GHOST TRACKS: Revisiting Indiana’s Armscamp Speedway

Categories: Short Track Racing.

No Trespassing” signs were everywhere. I had taken a wonderful 90-minute ride on my Triumph Bonneville to see the old race track and I didn’t want to go home empty-handed. It took half an hour to find someone who assured me that I could take a few quick photos of the former Armscamp Speedway in Alexandria, Indiana.

There’s not much left. The south concrete wall still stands, marking the asphalt track’s fast main straightaway. The smaller infield track, which circles inside the quarter mile main facility, is easier to make out. Half-century old trees have grown up and through everything, including the old track surface itself.

Built in 1941, Armscamp Speedway was at its zenith in the 1950’s under the watchful eye of owner Paul Karnes, universally known as “Whitey.” If you could travel back in time and attend an average night at Armscamp Speedway, there is absolutely nothing that you would not recognize. You would feel right at home.

You could watch races on Friday or Sunday nights. Occasionally a special double feature would be held with a complete midget show running Sunday afternoon at 2:30 pm, followed by a “hardtopper” show at 8:30 pm the same evening for stock cars. For a dollar you could watch them both (about $6.50 in today’s devalued currency).

The entire nightly routine would feel familiar to a modern short track fan. See if there’s anything here you recognize…

Qualifying, or “time trials’ as they were then known, began an hour before the first race. If you could run the quarter-mile bullring in about 17.5 seconds, you were among the fastest cars.

Fifty or more “hardtops” would enter the event, divided up into a trophy dash and four 10-lap heat races. The faster cars advanced into one of two 15-lap “semifinals,” with the fastest semifinal cars transferring to a 25-lap feature event.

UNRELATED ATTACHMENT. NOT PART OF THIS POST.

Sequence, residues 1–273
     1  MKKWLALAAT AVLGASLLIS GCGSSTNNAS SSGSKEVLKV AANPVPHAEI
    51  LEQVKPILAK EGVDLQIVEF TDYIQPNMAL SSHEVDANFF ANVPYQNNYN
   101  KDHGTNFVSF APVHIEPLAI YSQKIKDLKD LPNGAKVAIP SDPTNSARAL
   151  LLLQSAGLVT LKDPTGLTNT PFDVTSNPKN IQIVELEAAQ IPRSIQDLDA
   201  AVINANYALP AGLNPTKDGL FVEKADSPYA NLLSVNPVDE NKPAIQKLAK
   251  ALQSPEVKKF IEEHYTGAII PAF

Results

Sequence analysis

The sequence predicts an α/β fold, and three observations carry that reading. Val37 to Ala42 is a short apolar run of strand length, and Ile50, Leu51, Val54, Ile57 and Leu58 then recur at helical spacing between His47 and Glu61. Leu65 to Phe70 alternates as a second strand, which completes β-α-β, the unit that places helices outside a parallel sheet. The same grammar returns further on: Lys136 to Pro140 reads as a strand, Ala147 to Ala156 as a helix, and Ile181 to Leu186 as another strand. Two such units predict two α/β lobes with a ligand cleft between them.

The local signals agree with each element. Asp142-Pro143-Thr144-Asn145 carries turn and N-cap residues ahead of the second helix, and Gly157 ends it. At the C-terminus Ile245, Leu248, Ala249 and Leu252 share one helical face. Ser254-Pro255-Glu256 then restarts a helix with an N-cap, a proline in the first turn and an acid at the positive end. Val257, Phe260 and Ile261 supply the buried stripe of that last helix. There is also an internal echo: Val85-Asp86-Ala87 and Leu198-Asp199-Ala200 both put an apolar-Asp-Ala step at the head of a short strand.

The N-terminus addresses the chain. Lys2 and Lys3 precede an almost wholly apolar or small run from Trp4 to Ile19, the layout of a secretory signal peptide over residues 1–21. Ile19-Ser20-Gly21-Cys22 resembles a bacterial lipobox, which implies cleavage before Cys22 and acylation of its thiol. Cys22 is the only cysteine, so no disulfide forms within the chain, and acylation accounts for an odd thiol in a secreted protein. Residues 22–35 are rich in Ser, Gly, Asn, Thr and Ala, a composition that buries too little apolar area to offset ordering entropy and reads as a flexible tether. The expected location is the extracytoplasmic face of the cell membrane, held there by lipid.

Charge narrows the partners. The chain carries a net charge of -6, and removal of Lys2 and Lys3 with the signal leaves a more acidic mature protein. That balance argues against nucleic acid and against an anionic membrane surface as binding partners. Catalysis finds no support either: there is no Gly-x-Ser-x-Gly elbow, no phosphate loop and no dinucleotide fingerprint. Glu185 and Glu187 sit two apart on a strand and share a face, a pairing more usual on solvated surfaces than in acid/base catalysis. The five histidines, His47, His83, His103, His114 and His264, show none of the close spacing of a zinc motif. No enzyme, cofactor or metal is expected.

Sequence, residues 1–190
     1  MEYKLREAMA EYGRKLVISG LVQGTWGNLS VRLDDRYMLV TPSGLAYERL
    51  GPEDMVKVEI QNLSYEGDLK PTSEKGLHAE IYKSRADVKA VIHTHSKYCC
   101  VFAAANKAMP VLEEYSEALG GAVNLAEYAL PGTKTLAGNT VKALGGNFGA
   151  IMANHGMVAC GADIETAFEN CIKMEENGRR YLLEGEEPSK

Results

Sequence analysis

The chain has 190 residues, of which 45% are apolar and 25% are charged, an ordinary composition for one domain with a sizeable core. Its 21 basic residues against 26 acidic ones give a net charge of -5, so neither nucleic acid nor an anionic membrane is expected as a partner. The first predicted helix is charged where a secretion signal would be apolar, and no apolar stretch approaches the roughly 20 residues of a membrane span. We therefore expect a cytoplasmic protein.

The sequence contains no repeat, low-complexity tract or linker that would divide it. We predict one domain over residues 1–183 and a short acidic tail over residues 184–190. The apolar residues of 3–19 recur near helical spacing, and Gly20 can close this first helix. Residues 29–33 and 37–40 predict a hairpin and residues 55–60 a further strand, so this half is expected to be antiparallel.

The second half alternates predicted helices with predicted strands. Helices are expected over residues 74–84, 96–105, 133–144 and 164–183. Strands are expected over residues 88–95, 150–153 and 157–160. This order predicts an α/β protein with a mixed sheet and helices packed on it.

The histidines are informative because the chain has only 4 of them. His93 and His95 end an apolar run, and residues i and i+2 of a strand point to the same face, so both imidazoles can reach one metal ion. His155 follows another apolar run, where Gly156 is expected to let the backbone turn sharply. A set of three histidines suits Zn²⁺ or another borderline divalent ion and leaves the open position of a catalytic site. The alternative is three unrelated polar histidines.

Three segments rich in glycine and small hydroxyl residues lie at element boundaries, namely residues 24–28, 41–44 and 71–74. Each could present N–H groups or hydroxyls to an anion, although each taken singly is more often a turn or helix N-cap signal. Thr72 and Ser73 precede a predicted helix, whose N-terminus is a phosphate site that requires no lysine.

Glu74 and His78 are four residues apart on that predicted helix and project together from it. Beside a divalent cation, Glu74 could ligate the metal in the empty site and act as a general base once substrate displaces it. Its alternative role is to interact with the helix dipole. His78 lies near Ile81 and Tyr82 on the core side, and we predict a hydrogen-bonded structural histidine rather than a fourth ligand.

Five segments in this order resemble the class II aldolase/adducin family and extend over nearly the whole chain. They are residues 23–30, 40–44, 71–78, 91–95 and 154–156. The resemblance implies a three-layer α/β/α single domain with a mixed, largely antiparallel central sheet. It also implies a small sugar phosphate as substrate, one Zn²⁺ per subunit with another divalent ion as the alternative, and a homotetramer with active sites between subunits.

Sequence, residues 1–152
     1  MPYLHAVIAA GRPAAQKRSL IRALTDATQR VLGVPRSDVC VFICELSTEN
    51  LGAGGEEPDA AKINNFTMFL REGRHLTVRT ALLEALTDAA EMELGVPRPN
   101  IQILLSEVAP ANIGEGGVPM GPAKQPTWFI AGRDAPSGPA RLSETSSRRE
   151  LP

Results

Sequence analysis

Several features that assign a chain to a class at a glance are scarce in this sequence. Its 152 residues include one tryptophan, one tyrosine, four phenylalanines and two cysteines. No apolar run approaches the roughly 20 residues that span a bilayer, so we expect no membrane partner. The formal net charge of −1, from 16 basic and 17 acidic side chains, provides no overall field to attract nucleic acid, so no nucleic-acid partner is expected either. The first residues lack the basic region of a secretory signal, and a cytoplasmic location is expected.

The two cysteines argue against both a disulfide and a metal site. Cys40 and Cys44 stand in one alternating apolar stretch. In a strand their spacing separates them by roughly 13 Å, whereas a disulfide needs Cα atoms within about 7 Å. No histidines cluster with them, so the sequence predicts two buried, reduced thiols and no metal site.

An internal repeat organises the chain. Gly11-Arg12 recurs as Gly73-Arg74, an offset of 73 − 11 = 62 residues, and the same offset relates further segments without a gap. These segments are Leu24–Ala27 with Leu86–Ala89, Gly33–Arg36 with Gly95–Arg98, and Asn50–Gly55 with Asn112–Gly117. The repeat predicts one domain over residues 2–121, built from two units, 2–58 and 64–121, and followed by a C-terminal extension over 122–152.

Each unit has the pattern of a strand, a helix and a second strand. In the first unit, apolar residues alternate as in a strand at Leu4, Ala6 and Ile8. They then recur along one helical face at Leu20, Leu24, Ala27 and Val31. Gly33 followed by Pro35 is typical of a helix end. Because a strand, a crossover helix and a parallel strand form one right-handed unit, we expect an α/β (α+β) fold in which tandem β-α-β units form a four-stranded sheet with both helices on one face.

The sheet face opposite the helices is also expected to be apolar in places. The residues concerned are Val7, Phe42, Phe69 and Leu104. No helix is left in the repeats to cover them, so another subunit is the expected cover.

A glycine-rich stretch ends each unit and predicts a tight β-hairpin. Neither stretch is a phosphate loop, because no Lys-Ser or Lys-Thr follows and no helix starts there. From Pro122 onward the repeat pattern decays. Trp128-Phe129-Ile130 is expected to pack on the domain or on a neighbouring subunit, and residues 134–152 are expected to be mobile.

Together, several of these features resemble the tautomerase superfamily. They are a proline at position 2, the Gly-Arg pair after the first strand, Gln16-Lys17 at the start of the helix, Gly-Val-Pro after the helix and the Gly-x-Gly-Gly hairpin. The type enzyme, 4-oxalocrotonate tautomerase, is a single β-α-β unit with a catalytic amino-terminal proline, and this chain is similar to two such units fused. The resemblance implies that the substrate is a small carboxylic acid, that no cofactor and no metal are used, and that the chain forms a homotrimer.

Amateur racers competed in “pleasure cars,” sort of an early version of street stocks. All other drivers were listed as professionals if their class paid a purse. The fact that most of them held day jobs mattered not. If you got paid, you were a professional racing driver.

Just like today, a handful of the fastest open wheel touring pros could make a decent living by racing full time. When Bob Breading of Indianapolis won the first of his three eventual Consolidated Midget Racing Association titles in 1946, his earnings for the year totaled $14,000. He would spend more than half of that on travel and car maintenance, but six or seven thousand dollars was an upper middle class living in 1946 when the average US annual salary was barely $2,600.

Special events paid more. A $2,000 total purse for a special main event was a big payday in the early 1950’s, and a common sum for special touring series events or 100-lap championship features.

Does all this still sound familiar?

Drivers and officials at Armscamp Speedway argued over fairness and budgets just like today. Whitey Karnes introduced a new rule for the 1952 season declaring that any car winning three features must be sold to the first bidder for five hundred dollars. If no one bought it, the driver was free to continue competing in it. The “claim” rule is standard for many Midwestern short tracks today.